Bring Out Your Dead

Like many of you, my music collection began on the venerable Compact Cassette format. While I’m somewhat ashamed to say the first tape I bought on my own was *cough* Thriller, the second proved to be a much more dignified choice.

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1984 wasn’t so bad after all.

Although I remember when computers came with cassette tape players, the format doesn’t exactly lend itself to multimedia excellence. I haven’t had a tape player for years, so they’ve just sat there moldering.

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Repulsed by Radio

A couple days ago I regaled you with my thoughts on 1980s TV. I suppose it’s only fitting I make a few comments about 1980s pop music as well.

My fascination with music can be traced directly back to 15 July 1984, my 11th birthday. As a gift I received a small “boom box.” This in turn led me to an obsession with the weekly Top 40 show as hosted by Casey Kasem and later Rick Dees. It aired on at 4 pm on Sundays on the local Top 40 FM station, and I often taped the whole frickin’ thing.

Rickdees

There’s no cheese like the Dees.
Image credit: lax.hyundai

I freely admit I liked a lot of the stuff they played on Top 40 radio back then. Still do. However, as time wore on I increasingly came across songs I didn’t like. That’s to be expected, of course. Even so, there were some tracks I found so loathsome that just a few notes would compel me to turn the radio OFF until the offending audio went away.

The following are some of the worst offenders.

Anything by Prince

At roughly the same time I embraced the Top 40, a Minneapolis-based singer/songwriter named Prince Rogers Nelson released a film called Purple Rain, along with a soundtrack album of the same name. For approximately the next three years, Western civilization wouldn’t shut up about the guy. At certain times Prince seemed to be more overexposed than the King of 80s Cheese himself, Michael Jackson.

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I’d post a YouTube clip, but he’d probably have it taken down before I hit the “Publish” button.
Image credit: Yves Lorson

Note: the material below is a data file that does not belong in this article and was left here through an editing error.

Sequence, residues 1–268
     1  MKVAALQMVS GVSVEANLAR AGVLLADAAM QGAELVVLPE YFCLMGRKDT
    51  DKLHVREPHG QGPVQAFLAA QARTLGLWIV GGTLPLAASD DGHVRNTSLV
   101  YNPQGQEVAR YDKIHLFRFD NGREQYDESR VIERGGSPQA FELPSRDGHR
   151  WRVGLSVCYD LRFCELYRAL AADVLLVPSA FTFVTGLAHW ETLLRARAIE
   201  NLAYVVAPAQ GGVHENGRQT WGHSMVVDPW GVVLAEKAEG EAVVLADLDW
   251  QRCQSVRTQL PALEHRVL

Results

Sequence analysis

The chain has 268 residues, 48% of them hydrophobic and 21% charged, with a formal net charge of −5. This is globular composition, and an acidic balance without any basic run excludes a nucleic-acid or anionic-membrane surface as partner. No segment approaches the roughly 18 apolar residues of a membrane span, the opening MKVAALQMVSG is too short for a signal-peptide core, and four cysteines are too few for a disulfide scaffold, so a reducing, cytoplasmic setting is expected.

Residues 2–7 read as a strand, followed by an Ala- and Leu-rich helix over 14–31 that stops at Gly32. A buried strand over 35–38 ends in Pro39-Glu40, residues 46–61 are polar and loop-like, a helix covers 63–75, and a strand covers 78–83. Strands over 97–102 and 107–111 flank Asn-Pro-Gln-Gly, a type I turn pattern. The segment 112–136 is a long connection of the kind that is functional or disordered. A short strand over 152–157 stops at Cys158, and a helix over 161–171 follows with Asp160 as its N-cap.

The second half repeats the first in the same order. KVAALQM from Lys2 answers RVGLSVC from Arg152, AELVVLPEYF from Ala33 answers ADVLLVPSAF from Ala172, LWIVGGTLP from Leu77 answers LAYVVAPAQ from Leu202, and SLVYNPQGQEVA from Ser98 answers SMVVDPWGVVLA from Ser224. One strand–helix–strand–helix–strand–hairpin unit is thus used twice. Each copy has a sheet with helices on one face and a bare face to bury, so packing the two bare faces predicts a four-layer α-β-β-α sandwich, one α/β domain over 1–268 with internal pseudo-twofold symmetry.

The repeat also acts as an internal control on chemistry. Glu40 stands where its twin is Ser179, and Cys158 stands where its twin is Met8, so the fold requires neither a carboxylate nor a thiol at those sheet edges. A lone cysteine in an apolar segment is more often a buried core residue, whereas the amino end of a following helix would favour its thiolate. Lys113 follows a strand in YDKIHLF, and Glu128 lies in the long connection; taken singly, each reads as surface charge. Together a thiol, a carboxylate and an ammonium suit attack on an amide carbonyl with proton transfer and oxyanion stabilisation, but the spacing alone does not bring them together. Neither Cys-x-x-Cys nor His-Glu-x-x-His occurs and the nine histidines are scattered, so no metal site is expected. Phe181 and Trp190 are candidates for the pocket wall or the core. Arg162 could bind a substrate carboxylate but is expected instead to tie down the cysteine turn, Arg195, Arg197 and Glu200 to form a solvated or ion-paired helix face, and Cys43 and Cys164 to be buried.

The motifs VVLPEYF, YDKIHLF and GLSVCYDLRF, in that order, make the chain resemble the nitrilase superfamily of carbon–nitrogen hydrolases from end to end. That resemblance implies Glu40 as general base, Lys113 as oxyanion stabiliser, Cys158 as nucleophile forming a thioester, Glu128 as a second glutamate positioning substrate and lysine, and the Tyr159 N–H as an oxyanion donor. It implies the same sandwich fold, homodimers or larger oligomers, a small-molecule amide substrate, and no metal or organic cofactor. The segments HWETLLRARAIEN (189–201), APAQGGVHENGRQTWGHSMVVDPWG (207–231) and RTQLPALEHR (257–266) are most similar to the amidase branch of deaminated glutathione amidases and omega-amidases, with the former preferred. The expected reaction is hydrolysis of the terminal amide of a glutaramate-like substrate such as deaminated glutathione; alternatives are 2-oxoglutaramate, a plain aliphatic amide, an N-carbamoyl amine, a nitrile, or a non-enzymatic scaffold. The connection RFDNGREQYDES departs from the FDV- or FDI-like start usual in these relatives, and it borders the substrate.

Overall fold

Why I hated it then: When I was 11 years old there were two things in this world I absolutely despised: Cabbage Patch Kids and Prince. There was no single reason for my loathing of the diminutive Minnesotan, but it probably had to do with his eyeliner, his ruffled shirts, a bouffant which put Kim Jong-il’s to shame, his repeated dissings of Weird Al Yankovic, and the fact he seemed to be everywhere for a very long time. Whatever it was, I couldn’t stand the guy.

One Christmas during this period there was a present for me under the tree which was clearly in a cassette tape box. For several days I feared some well-meaning but profoundly uninformed grownup bought me Purple Rain. As it turns out, it was The Best of Spike Jones. My sense of relief was enormous.

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Possibly the only time in recorded history anyone was so relieved to receive a Spike Jones album.

What I think of it now: My view of Prince has moderated considerably over the years. He’s an undisputed musical genius, and I have to to admit even today “When Doves Cry” is a hell of a dance track. Nevertheless, I still haven’t seen Purple Rain (or any of his other movies, for that matter).

“Always” by Atlantic Starr

If there ever was a song written specifically to be played at wedding receptions, this 1987 track is it. Apologies in advance if this is “your” song.

Perhaps the best-known single by this upstate New York R&B group, “Always” is four solid minutes of the most concentrated shlocky sweet cheese produced to date. Repeated exposure to this track is bound to cause hyperglycemia in just about anyone. Consider yourselves warned.

Atlantic Starr was responsible for many, many awkward high school slow dances.

Why I hated it then: This sort of thing is exactly what a sexually confused 13-year-old boy DOESN’T want to hear, especially in heavy rotation. Sweet YHWH this was a painful experience.